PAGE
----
Davao City Mayor Rodrigo Duterte's presidential bid is highly controversial for his hardline beliefs on criminal justice and his authoritarian form of governance. One of the highlights of his platforms is his promise to introduce federalism to the Philippines.
What is federalism?
The Philippines is currently under a unitary form of government - this means that the central government is the highest governing power. It receives a large part of every region's income and redistributes it, often disproportionately so. Our autonomous regions, provinces, municipalities and barangays can only exercise powers and enact policies that the central government chooses to delegate to them.
Federalism is a type of government wherein sovereignty is constitutionally divided between the national government and subdivisional governments (such as states or provinces). Federalism divides the country into several autonomous states with a national government.
The autonomous states are even further divided into local government units. They will have the main responsibility over developing their local industries, public health and safety, education, transportation, and culture. These states have more power over their finances, policies, development plans, and laws.
The United States, Switzerland, Germany and Australia, Canada, India, Malaysia and Brazil are examples of countries with a federalist form of government.
In the past, the Philippines has had attempts at a reform towards federalism - during the administration of President Gloria Macapagal Arroyo, she recommended federalism as one of the goals of the proposed charter change. However, the attempt failed because opposition from various sectors believes this reform was used to extend her term limit.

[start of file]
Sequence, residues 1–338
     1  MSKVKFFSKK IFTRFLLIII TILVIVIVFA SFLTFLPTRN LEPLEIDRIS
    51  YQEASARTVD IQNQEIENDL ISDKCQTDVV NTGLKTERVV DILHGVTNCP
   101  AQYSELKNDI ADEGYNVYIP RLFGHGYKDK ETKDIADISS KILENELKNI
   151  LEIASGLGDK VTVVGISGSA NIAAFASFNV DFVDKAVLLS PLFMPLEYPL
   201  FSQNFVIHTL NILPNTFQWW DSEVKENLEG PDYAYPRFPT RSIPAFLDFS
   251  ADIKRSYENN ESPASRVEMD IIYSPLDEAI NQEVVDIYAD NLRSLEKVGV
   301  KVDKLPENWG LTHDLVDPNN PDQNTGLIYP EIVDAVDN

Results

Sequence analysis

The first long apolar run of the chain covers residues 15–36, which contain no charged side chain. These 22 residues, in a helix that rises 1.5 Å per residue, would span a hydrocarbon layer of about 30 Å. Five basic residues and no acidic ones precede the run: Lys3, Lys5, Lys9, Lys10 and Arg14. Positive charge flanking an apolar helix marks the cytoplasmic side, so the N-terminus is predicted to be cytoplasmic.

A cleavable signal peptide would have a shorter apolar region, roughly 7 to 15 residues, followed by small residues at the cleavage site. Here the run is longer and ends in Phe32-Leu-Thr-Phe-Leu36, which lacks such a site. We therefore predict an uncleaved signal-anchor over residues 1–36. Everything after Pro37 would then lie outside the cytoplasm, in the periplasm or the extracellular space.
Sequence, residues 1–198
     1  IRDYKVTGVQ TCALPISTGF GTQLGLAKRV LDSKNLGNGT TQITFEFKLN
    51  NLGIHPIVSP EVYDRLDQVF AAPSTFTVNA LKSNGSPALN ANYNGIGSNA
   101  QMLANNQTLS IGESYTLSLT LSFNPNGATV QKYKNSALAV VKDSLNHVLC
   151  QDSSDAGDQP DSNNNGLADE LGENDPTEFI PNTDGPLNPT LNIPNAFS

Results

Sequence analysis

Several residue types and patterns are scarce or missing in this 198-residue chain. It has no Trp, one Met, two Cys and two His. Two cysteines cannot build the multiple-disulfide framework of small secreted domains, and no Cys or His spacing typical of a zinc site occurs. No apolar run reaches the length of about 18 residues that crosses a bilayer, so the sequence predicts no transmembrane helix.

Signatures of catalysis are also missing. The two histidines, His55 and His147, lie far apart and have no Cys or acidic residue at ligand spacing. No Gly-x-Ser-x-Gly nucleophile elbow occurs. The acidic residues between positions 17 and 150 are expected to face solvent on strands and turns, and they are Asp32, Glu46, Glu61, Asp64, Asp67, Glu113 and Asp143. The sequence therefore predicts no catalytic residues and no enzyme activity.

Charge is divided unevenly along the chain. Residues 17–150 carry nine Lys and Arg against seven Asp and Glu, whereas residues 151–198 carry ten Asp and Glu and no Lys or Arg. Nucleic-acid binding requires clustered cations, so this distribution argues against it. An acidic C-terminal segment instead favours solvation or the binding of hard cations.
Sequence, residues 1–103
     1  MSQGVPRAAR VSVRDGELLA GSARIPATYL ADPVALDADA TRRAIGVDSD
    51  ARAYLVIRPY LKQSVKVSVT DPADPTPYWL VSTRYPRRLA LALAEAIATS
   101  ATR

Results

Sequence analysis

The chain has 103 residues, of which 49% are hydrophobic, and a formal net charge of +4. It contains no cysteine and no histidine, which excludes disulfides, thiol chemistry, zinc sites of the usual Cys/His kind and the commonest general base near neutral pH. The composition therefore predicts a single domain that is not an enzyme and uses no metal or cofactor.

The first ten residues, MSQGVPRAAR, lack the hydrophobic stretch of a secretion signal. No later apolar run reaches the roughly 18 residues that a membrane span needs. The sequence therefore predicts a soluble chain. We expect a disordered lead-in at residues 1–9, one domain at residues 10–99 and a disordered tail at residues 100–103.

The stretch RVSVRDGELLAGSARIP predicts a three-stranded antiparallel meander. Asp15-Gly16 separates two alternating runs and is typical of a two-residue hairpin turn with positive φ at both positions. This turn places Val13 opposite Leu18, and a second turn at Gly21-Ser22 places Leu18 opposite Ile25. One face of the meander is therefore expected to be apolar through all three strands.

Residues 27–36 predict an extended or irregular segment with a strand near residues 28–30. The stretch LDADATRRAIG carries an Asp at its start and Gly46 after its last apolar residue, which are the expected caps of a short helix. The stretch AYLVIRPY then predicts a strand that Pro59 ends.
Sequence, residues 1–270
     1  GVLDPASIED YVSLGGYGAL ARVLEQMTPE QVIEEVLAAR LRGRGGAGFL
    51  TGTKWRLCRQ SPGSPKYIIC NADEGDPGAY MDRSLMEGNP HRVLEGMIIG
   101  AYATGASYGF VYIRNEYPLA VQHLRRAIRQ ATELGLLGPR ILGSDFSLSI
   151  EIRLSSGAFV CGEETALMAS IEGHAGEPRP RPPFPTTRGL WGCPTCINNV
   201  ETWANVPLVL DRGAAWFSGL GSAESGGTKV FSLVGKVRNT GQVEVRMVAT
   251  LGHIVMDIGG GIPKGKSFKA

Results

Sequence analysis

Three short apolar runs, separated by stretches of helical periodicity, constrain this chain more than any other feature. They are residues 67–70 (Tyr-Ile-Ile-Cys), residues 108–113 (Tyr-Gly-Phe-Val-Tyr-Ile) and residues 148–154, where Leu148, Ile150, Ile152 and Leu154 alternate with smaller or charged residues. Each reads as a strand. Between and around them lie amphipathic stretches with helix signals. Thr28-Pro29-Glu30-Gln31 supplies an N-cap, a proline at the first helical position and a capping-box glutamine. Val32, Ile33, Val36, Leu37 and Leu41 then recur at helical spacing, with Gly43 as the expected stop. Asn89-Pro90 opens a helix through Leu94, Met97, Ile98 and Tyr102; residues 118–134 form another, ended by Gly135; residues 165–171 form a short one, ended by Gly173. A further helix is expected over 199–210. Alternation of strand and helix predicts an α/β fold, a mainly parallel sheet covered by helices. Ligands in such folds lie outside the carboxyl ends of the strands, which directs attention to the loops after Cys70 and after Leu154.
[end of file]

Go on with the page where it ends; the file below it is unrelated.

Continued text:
What are its advantages and why is it attractive to Filipinos?
Firstly, under a federalist form of government, states are empowered to make their own decisions. They no longer need to rely on the central government to decide for them. This is important to note in the Philippine context because of the vast geographical and cultural differences between regions - differences that the central government may not always be able to cater to.
Furthermore, states will be able to keep more of their income to themselves. They do not have to rely on collecting real estate tax and business permit fees - 80% of their total earned income stays, while only 20% goes back to the national government. This means that states are able to channel their own income for their own development, creating policies and programs suitable for them without having to wait for the national government to approve. Within the 80% budget that remains with these states, 30% will be funneled to the local state government, and 70% will be allocated to the provinces, cities, municipalities and barangays.
Because states are able to both make their own decisions and retain the income they have to fund these decisions, it's possible for federalism to promote specialization and competition. This affects both the national government and the states - since the national government turned certain administrative powers over to the regional governments, it can now funnel its resources more intensively towards the issues it is assigned to, such as foreign policy and nationwide defense. Likewise, the states are now better able to nurture their individual strengths and selling points because the people who have the decisions and funding are the people who are personally involved in the state's development.